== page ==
Therefore, in order to be saved from God’s wrath, one must call upon the name of the Lord in repentance and faith for the forgiveness of sins (Acts 2:21, 38; 3:19; 4:12; 5:31; 10:43; 17:30; Acts 26:20). This is response demanded by the gospel. But this is also why the gospel message is referred to as the word of God’s grace (Acts 14:3; 20:32), because God has graciously provided a way of salvation for unworthy sinners—both the Jew and the Greek!

But Thompson makes an important distinction: “Although the preaching was response-oriented, the messages were not response-driven. That is, the messages were not compromised just to get a favourable response or just to make people happy. There were often mixed and even hostile responses” (96). Yet because of the Holy Spirit’s empowering presence in their lives, as well as their settled conviction concerning the truth of the resurrection, the early church preached the gospel of Jesus Christ with a supernatural boldness in order to plead with sinners to be saved. This same Spirit dwells in God’s people still today in order that we might continue to bear witness to the risen Lord Jesus.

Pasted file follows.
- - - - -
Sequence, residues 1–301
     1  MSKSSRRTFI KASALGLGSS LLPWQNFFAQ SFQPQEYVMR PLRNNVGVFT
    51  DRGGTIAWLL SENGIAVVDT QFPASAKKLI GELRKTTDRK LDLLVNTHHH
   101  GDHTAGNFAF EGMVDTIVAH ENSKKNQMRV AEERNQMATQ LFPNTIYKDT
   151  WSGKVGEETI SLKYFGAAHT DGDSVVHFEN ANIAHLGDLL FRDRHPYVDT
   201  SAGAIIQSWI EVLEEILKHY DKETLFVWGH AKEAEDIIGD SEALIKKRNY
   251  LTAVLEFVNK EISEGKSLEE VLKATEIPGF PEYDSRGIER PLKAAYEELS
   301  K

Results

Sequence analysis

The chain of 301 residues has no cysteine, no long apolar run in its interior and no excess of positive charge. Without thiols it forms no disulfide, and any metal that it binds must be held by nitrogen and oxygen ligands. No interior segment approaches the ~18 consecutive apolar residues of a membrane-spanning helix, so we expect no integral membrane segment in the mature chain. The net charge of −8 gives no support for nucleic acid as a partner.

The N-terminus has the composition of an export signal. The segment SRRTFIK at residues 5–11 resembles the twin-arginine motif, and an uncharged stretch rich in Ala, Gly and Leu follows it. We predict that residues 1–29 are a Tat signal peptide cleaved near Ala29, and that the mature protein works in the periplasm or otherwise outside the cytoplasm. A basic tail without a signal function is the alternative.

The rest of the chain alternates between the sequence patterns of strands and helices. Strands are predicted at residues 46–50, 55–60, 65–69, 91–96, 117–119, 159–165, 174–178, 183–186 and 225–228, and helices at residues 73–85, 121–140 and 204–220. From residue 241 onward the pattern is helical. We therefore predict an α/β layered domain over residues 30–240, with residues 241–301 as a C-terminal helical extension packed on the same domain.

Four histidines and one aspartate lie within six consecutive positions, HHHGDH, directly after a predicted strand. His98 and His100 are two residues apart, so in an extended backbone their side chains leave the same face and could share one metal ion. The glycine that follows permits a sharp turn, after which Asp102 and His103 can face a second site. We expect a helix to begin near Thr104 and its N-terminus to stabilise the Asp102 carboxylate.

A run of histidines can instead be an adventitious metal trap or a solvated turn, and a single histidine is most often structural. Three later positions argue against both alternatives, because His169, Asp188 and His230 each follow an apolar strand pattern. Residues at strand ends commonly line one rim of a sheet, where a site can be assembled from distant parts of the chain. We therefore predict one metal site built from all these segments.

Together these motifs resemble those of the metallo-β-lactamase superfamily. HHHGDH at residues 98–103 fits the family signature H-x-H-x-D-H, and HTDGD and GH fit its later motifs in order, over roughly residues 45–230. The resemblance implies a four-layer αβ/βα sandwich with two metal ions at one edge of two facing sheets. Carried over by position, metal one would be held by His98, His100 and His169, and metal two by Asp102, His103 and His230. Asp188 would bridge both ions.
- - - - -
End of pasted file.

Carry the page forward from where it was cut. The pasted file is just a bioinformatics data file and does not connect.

A Final Thought

Many today want to see the church look more like it did in the first century. Many people claim to be looking for a true “New Testament church,” and want their church to be like what they see in the book of Acts. Unfortunately, many of these churches seek to do this by obsessing over the signs and wonders of the early church (as if they weren’t performed by the apostles to validate their message and lay the foundation of the church) or by focusing on the worship practices of the early church (as if reverting to a house church format will make your church more authentic).

But if you want to be a true New Testament church, then devote yourself to the apostles’ doctrine, the fellowship of the church, and prayer. And if you really want to look like the church in the book of Acts—if you really want to be a part of an authentic, first-century kind of church—then boldly preach the good news of Jesus Christ. Boldly proclaim a God-centered, audience-conscious, Christ-focused, response-oriented gospel.

[1] Alan J. Thompson, The Acts of the Risen Lord Jesus: Luke’s Account of God’s Unfolding Plan, New Studies in Biblical Theology 27 (Downers Grove, IL: InterVarsity Press, 2011), 89.

[2] The following is taken directly from Thompson, The Acts of the Risen Lord Jesus, 90-99. I have simply adapted his excellent discussion for the purposes of this blog.

[3] This approach to evangelism involves an apologetic method called ‘presuppositional.’ For a helpful introduction to this method of defending the Christian faith, see John M. Frame, Apologetics: A Justification of Christian Belief (Phillipsburg, NJ; P&R Publishing, 2015).